I’m beginning to think I need to hold off and let professional people do the job. At least it’s clear enough to not look at it in disgust.
My biggest concern would be the proper prep and bonding agents.
Prep might include a light grinding to get rid of the hard troweled surface of the concrete. Many sealers require bare concrete which means getting rid of the smooth surface layer. By doing this step it creates a fresh, open, and porous surface for the epoxy to migrate into. Regular paints can peel from moisture coming up to the concrete. It can take years for this to happen.
By opening up the pores in the concrete with a grinder, it allows the epoxy to bond with the concrete more than simply laying on top of it.
We for assisted in putting some self-leveling concrete in a local history museum. The main point of the job was applying self leveling concrete to a depth of about 3/4 of an inch.
To get the self leveler to bond, and stop moisture from coming up into the concrete, a special epoxy was applied.
I to borrowed a cup grinder to Scuff the surface of the concrete and then we vacuum the floor and applied the first coat of epoxy. I think this epoxy was a moisture cure epoxy. I was told that this epoxy could be put over concrete that was 3 days old and it would stop moisture from coming up through it. That's why I'm thinking that the moisture helped cure the epoxy.....
After applying the epoxy to the bear concrete with a roller, I wrapped three or four layers of paper towels around the roller, yhen took it outside and set it down in the gravel.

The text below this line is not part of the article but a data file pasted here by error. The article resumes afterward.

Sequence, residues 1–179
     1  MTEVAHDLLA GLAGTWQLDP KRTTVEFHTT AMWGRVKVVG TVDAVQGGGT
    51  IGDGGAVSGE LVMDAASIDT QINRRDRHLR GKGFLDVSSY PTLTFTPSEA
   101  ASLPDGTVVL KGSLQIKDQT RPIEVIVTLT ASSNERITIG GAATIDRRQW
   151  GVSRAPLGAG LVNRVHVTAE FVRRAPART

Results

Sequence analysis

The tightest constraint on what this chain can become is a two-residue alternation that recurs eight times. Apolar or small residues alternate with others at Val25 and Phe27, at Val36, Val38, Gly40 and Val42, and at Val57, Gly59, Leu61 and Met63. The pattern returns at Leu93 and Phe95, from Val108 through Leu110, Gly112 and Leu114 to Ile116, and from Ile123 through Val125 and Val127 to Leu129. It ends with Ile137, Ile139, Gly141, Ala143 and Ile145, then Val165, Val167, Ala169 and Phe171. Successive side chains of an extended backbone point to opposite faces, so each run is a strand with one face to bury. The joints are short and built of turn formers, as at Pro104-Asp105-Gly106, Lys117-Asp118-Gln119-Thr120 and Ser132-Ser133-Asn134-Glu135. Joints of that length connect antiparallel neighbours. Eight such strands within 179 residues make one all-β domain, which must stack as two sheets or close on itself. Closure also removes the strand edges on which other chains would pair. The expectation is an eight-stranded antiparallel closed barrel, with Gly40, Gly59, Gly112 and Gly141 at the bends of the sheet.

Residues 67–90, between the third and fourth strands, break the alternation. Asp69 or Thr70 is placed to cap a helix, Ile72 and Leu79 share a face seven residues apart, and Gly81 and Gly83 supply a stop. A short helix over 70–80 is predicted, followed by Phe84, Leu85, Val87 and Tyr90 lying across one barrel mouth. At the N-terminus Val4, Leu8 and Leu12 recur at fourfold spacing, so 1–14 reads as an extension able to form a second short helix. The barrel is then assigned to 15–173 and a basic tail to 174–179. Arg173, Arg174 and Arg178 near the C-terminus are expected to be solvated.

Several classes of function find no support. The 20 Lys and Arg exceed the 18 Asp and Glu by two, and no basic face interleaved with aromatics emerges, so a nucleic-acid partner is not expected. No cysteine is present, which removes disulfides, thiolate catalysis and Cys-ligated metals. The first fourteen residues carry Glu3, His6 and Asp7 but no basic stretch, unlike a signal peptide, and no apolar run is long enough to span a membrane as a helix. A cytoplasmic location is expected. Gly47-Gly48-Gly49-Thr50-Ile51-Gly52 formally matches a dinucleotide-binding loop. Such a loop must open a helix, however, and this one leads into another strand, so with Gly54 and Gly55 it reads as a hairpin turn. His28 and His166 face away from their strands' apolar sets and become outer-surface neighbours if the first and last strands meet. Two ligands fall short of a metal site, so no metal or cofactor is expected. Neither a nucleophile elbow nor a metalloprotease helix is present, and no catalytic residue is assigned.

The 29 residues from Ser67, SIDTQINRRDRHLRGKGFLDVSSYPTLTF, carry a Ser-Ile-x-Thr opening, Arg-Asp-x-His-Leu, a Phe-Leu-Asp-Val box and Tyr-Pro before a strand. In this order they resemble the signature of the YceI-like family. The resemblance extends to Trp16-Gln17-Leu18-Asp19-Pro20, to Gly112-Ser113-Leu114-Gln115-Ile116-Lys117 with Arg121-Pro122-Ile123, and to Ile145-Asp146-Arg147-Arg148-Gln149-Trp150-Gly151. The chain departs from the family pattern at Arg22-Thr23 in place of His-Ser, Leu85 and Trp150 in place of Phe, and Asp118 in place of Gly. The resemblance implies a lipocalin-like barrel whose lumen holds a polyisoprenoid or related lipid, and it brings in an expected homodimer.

As we were cleaning up, I went to grab the roller and I had to pull very hard and I literally pulled out a 12-in wide by 4 in deep wedge of gravel. The roller full of epoxy had seeped through the layers of paper towel and deep into the gravel. Impressive epoxy.
I don't know about where you live and how concerned you are with moisture coming up out of the concrete. In some places moisture vapor emissions are minimal and some places moisture emissions are extreme.
That said, I recall that you painted the floor in your basement. How is that working out?
I don't know how well anything bonds to oil drops or residue that's embedded in the concrete. It might be worth looking into epoxies to see if some bond better to oily floors.
The painting industry has created a lot of miracles over the years. If you're not in a hurry, it certainly worth a lot of detective work to figure out what is best for your floor.